Għax dik fuq ir-Relief…

http://www.inewsmalta.com/dart/20130621-ax-dik-fuq-ir-relief

Broom

11:26  |  21.06.2013

Fuq tal-linja telgħu tlett ibniet li bejniethom kellhom sebat itfal. Basktijiet tal-iskola, fliexken tal-iced tea, buggy taż-żgħira nett… insomma, qisna sejrin ix-xalata tad-duttrina…

Għalkemm bħas soltu kelli earbud tar-radju waħda f’widinti, stajt ninduna li kien hemm min dehrlu li għandu juri li “dawn l-affarijiet ma jsirux”.

Waħda Ingliża xiħa daret fuq l-eqreb waħda u staqsietha “are they all yours?” – mistoqsija li probabbilment xtaqu jistaqsuha xi erbgħa minn dawk li kien hemm fuq tal-linja dak il-ħin.

“No! Course not!” qalet din. “Him and her mine, him and him hers (u ppuntat lejn oħra) u her her and him hers…”

Tbissimt, u… nistqarr li ħarist bl-ikrah lejn dik il-mara li dehret li ma ħadetx gost li wieħed mis-subien kien bilwieqfa ħdejha, mill-ħars li bdiet tagħtih.

Insomma, dawn niżlu… u din il-gustuża qalet “…u żgur. Imħatra qegħdin fuq ir-Relief, u żewġi jaħdem għalihom…Bajd u beċċun, ifaqqsu biex jieħdu iżjed…”

Hija ħaġa minn ewl id-dinja li meta ngħidu “fuq ir-Relief” – espressjoni li ġejja minn żmien żemżem – aktarx li nkunu qed infissru lil xi ħadd li jidher qisu ċakkara, jew xi ħadd li għażżien wisq biex jaħdem, jew xi ħadd li għandu xi diżabbiltà u ma sabx xogħol. U m’għandniex xi ngħidu, l-immaġinazzjoni tagħna tgħidilna li dawn in-nies jgħixu f’dar maħmuġa tinten, għandhom xi sitt iklieb, u… bilħaqq, it-tfal iżjed iva milli le, ikollhom salt qamel f’xagħarhom.

U… jekk m’għandhomx il-ġrieden, ukoll… dawn il-parassiti tas-soċjetà.

Il-midja u dawk kollha li jaħdmu fost dawn in-nies bi bżonnijiet jgħidulna li dawn huma “l-foqra” – mhux għax m’għandhomx flus, iżda forsi jew ma jafux jużaw il-flus li għandhom sew.

Iżda din m’hiex il-verità kollha.

Ninsew li hemm min qiegħed f’dik l-emerġenza temporanja; ngħidu aħna, xi ħadd li tilef ix-xogħol għax l-entità li kien jaħdem magħha falliet, u ma kellux biżżejjed biex jieħu l-benefiċċju tal-qgħad. Allura dawn “għażżenin”?

Nieħdu mara li romlot… li għandha t-tfal żgħar u mhux f’pożizzjoni li toħroġ taħdem, u (li la hi biċċa tiegħi u anqas tiegħek) tiddeċiedi li ma tkunx tista’ tgħajjex lil uliedha bil-penzjoni. Allura din għażżiena?

Aħna l-Maltin x’aktarx li noqomsu biex ngħinuhom lil dawn… jekk inkunu nafu bihom. Imma hemm min ma jkunx jixtieq juri li għandu bżonn lil xi ħadd, meta soltu dejjem kien ivinċi sewwa.

U jekk xi ħadd marad, jew korra? Allura jekk ir-raġel jew il-mara tiegħu ma joħorġux jaħdmu fis… allura dawn għażżenin? U min iħallas flejjes kbar għall-kera ta’ gorboġ, għax ma jarax għalfejn għandu jxrti post… u anqas li kieku, qatt m’hu ser jasal… allura dan għażżien… għax ma tantx jibqagħlu flus?

U jekk joffrulhom xogħol prekarju u ma jaċċettawx… allura dawn għażżenin? Inkella, jmorru jaħdmu bla ktieb… bla ebda sigurtà… allura hekk irriduhom, biex juruna li m’humiex għażżenin?

U meta naraw il-barranin jaħdmu… xi xogħlijiet li huma meqjusa li “mhux puliti” – allura dawn qed ‘joħdulna xogħolna’, jew qed jaħdmu flok l-“għażżenin”?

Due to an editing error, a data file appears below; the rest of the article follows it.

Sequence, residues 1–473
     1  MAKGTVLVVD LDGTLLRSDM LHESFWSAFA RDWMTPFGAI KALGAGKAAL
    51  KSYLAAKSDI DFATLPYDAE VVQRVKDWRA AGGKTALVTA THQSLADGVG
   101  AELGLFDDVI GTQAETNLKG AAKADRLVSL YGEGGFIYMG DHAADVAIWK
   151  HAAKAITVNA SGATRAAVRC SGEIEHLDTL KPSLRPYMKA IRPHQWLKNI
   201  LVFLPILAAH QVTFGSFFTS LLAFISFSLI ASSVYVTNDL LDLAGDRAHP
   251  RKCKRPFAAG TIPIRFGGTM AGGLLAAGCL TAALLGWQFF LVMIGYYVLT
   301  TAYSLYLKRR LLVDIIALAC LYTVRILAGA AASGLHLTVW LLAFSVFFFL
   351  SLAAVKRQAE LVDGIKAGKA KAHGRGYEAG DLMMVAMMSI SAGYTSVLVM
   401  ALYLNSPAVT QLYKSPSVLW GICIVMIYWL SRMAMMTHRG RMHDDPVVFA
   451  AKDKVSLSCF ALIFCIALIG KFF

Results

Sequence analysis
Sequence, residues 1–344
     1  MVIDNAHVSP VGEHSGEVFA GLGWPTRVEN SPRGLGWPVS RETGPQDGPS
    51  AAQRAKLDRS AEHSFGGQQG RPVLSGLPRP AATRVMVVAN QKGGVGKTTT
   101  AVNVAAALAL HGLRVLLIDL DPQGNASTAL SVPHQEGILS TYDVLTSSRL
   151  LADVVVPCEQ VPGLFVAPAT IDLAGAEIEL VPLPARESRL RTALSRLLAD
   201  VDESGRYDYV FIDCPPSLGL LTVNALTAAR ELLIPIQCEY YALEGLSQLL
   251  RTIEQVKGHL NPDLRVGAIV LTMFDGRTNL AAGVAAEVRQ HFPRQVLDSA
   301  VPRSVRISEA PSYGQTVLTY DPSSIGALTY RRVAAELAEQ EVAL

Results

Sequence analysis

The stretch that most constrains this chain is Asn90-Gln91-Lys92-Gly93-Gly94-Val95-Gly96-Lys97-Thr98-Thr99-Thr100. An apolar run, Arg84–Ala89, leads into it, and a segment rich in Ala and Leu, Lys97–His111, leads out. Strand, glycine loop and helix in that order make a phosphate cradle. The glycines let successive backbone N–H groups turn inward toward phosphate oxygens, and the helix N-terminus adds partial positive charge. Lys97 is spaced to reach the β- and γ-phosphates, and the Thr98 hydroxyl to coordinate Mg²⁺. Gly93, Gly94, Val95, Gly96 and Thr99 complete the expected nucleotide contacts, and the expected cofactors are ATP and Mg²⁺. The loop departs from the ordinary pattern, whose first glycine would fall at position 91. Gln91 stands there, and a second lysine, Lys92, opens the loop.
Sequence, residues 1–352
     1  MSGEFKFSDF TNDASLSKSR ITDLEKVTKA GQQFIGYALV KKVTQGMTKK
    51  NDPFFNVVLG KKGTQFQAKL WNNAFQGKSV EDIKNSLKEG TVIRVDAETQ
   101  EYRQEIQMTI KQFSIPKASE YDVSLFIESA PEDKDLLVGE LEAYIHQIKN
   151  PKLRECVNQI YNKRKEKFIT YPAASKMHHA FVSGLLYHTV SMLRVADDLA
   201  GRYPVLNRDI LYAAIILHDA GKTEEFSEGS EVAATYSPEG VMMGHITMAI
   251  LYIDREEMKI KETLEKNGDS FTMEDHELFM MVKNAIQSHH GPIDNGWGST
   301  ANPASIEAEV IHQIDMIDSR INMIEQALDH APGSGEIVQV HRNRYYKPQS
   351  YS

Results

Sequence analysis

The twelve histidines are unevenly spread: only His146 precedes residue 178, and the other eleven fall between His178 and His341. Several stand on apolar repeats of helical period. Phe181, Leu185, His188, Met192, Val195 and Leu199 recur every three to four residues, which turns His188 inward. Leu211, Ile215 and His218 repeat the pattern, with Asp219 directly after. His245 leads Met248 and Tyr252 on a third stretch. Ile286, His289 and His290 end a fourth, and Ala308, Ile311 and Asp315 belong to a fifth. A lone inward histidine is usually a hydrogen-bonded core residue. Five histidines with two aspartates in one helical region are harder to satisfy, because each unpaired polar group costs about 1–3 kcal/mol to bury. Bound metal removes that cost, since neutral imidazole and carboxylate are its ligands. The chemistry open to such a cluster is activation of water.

Barra minnhekk, naraw li hemm għadd kbir ta’ xjuħ li jieħdu l-għajnuna soċjali. Min aħna aħna biex niġġudikawhom, għax ma faddlux biżżejjed meta kienu kapaċi jaħdmu?

Min għandu xogħol tajjeb, u bejn wieħed u ieħor jista’ jixtri li jrid, ma jistax jifhem xi jfisser li ma jkollokx flus biex tixtri kwart perżut għax aħjar tixtri l-ħobż… għax dak iżjed jimla’ ż-żaqq tat-tfal. U din, emmnuni, mhux “esaġerazzjoni”.

U bilħaqq… imaġina li int m’għandekx telefon ċellulari, u / jew karozza. Tapplika għax-xogħol, u jistaqsuk minn fejn int. Imbagħad jistaqsuk għandekx karozza. “Għandek siegħa u nofs biex tasal, kieku…” “Ma jimpurtax… għat-tfal nagħmel kull sagrifiċċju jien…” “Eh, għandek it-tfal? U jekk jimirdu, għandek min joqgħod magħhom?”

U żgur li mhux legali dawn il-mistoqsijiet u kummenti. U żgur li kieku lil raġel ma kienux jistaqsuhomlu. Mhux bilfors li hawn min jaqta’ qalbu, u jgħidlek li almenu bl-assistenza soċjali jieħu “xi ħaġa” żgur?

Ma ninsewx ukoll li hawn min hu mdorri f’kultura fejn li tieħu l-assistenza soċjali hija meqjusa bħala xi ħaġa “normali”. Mhux tajjeb għaddejin, jew?

Min jaf jirranġa, minn hawn u minn hemm, forsi ma jarax il-bżonn li ma jibqax jgħix f’din il-ħajja… iżda jista’ jkun li jekk xi ħadd ikun irid joħroġ minn dan iċ-ċirku, ta’ madwaru jiddieħqu bih. Tarax ħej, irid isir Professur.

Mhux daqshekk faċli li tkun taf x’ħinu għaddej fil-ħajja privata ta’ dak li jkun. Għax kultant, anqas l-istatistiċi ma jixhdu l-verità.

The Maltese Ħobża

Anyone who thinks that nectar, ambrosia, and manna are the foods of the gods is way off the mark.

Nothing beats a ġenba torn off the side of a warm ħobża before one even leaves the bakery premises. This explains the trail of crumbs from the counter (or a plank resting on two soft drinks cases) and the door. In my day, when the bread was too hot to handle, Tal-Ħobża always had a supply of bits of cardboard torn off the mound of collapsed boxes collected expressly for this purpose. And the aroma inside the bakery would cling to the clothes.

It is a Semitic tradition to break bread with someone as a sign of welcome, and friendship. And no wonder. Our bread is nothing like the anaemic, oblong, spongy loaves bought for convenience rather than taste and texture. Indeed, Maltese bread is the best thing since before sliced bread.